Personal Finance column: Your real estate and your retirement plan |

Personal Finance column: Your real estate and your retirement plan

Danielle Howard
Personal Finance

According to the Aspen Board of Realtors, for single family homes in the Glenwood area, the end of September saw new listings and sale prices up compared to 2019, while the number of sales and inventory of homes for sale were down compared to 2019.

There is a lot of activity going on up and down the Roaring Fork Valley. As you look at your real estate shifting from the accumulation stage (building your net worth) to the distribution season (creating income and managing time and expenses inherent in real estate), advanced planning is prudent. If you want to optimize your financial potential as you unfold life possibilities, unpacking the details are paramount.

Connect with your vision

What roof over my/our head is best at this point in my/our life? Think through what is important — it is not solely about numbers. Prioritize the key elements. These may include proximity to family, health care, shopping, culture, learning or outdoor activities. What do your days in retirement look like? Some people enjoy working around their home or yard. Others would like no maintenance. Paint your picture with broad strokes, refining the details as clarity ensues. We were seeing a trend of downsizing before the pandemic and now, with people spending more time in their homes, that may change. Ask yourself the right questions based on creating your unique picture of true wealth.

Crunch the numbers

Many people I talk to want to “age in place” when looking at purchasing a primary residence. What will it take to do so, and what are the financial implications? Consider the costs associated with a remodel or building a home to facilitate the aging process. What will it cost to have someone come to your home? According to, home health aide or homemaker services range from $4,910 to $6,000 a month for partial daily care.

Are there tax implications to a sale? If you are married, you can take $500,000 in gain on your primary home without paying capital gain taxes if you have lived in it two out of the past five years. If you are single, the tax free gain is $250,000. In our valley, you can quickly surpass this tax-free amount. It may make a difference in the timing of your sale if you could be giving 15 or 20 percent to the federal government on amounts above the $250,000 or $500,000. Make sure you keep good records of original cost basis and improvements. Prepare yourself by talking to your tax consultant, financial advisor along with the realtor as you explore your options.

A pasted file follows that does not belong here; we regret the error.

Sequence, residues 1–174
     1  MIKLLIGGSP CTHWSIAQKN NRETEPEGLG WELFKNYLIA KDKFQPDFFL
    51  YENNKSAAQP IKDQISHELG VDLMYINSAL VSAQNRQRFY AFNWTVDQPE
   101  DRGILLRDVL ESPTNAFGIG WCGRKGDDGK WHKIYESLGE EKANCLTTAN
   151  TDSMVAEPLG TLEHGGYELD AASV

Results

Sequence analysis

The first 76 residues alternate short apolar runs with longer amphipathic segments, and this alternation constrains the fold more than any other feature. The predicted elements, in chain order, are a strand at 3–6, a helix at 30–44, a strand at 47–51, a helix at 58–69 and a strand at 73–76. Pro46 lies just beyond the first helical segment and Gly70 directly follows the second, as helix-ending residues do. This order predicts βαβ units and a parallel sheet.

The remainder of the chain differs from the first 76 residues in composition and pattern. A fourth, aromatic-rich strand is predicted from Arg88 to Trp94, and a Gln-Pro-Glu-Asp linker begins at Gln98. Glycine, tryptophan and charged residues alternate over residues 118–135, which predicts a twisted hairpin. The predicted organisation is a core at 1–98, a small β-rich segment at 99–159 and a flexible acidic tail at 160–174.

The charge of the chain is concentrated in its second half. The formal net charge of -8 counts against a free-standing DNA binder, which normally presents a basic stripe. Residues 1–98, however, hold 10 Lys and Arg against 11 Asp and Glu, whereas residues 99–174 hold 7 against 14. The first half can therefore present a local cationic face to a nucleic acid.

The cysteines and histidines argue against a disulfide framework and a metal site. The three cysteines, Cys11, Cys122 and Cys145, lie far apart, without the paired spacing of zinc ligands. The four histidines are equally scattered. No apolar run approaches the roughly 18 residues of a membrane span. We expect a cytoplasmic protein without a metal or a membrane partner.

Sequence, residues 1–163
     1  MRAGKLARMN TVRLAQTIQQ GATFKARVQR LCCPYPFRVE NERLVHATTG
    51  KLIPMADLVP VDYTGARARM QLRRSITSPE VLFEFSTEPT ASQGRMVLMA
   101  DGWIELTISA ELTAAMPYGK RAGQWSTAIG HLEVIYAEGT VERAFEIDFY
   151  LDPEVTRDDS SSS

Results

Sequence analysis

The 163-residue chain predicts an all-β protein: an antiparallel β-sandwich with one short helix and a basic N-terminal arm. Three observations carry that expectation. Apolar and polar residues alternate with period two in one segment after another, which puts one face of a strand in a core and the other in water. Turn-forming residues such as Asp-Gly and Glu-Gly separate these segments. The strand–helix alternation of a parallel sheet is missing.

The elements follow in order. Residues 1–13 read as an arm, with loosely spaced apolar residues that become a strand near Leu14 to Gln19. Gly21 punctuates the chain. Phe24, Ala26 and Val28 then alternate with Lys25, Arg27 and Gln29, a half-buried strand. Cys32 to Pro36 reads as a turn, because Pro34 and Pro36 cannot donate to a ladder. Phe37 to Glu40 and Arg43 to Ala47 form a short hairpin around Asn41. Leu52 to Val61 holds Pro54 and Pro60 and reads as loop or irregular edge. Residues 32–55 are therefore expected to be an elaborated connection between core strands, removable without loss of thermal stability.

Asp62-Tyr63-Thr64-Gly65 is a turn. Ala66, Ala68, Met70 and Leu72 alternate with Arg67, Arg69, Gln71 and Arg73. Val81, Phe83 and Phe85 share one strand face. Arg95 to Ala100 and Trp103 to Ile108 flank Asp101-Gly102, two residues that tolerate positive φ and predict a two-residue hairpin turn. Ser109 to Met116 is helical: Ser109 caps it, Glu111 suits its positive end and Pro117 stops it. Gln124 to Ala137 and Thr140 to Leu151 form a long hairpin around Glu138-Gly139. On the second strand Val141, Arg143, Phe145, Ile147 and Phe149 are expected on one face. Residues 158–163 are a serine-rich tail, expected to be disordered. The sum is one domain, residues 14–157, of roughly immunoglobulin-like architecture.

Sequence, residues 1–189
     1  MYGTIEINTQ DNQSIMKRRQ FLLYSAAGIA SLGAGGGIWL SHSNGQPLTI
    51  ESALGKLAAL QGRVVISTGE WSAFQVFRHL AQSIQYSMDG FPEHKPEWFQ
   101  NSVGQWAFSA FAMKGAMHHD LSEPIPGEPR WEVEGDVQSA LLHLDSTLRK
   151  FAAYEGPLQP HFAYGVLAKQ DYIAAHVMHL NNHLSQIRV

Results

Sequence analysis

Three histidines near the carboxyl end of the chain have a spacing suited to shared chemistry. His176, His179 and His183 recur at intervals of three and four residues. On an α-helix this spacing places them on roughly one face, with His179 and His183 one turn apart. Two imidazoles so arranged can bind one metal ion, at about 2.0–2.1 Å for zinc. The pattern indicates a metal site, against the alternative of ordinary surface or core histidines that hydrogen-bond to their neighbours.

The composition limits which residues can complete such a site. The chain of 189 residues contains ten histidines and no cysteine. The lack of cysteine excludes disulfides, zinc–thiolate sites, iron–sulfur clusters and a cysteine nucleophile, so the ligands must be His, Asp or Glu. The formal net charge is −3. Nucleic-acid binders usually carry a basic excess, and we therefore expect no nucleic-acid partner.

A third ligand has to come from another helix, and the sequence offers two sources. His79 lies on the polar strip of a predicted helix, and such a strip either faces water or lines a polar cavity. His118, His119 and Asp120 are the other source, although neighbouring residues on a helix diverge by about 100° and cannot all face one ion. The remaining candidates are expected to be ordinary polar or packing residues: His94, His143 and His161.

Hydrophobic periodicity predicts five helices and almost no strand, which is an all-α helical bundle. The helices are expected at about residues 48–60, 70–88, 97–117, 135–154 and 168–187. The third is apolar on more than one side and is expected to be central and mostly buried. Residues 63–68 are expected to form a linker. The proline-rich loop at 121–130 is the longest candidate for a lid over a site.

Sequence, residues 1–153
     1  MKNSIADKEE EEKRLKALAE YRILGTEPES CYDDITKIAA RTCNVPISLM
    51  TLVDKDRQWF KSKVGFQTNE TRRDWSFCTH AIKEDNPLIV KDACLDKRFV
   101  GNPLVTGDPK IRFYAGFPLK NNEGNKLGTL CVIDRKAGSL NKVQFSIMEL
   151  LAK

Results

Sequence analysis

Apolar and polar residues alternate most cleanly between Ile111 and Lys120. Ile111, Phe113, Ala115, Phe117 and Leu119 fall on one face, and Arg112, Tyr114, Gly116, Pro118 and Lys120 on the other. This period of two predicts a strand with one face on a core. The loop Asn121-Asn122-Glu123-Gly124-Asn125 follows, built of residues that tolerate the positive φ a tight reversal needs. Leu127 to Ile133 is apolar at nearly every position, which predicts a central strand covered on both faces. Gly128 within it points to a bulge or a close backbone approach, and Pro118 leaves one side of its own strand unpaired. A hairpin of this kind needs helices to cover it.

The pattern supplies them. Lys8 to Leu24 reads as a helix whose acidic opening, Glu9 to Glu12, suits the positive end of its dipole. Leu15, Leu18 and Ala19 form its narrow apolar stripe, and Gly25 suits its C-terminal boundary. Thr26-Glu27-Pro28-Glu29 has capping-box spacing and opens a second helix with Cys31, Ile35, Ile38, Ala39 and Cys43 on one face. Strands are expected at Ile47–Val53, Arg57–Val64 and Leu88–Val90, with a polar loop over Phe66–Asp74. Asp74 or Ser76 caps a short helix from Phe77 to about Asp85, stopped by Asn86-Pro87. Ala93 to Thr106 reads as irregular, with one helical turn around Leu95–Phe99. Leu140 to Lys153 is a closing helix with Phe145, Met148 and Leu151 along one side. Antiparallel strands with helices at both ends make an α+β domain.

If you have investment real estate, how will capital gains or recaptured depreciation impact your cash out and future cash flow? There are many strategic ways to maneuver. Talk to your Certified Financial Planner and tax advisor about Qualified Opportunity Zones or Delaware Statutory Trusts to see if they may be a fit for your cash flow needs and tax considerations.

Another creative option for the philanthropically inclined is to use a Charitable Remainder Trust to minimize taxes and create a cash flow. This tactic involves creating a trust and transferring partial interest in your investment real estate to the trust. This giving vehicle allows you to make the contribution, receive income for a specified period of time; receive a partial tax deduction and donate the remaining assets upon your death to the organization of your choosing.

Primary, investment, buy or sell — all these real estate financial decisions have important life and financial implications. As much as possible, being pro-active instead of reactive will ultimately keep more money in your pocket to be used as an expression of what is meaningful in your life.

Danielle Howard is a CFP® and CKA® with Wealth By Design LLC in Basalt. Check out her retirement podcasts and blogs at

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